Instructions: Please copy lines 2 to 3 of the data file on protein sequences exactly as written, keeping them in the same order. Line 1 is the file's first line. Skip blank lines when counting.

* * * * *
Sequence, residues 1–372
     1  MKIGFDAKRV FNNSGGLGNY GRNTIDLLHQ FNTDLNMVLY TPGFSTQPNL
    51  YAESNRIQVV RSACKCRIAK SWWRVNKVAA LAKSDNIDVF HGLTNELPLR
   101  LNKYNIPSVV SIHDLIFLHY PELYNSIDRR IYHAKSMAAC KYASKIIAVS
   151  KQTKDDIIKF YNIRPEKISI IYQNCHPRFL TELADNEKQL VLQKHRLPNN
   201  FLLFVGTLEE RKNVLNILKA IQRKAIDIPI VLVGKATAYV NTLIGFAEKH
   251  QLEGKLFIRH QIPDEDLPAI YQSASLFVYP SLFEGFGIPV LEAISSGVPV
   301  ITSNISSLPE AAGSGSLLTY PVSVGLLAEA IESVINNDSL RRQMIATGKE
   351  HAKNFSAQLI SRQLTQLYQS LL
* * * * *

     1  MKIGFDAKRV FNNSGGLGNY GRNTIDLLHQ FNTDLNMVLY TPGFSTQPNL
    51  YAESNRIQVV RSACKCRIAK SWWRVNKVAA LAKSDNIDVF HGLTNELPLR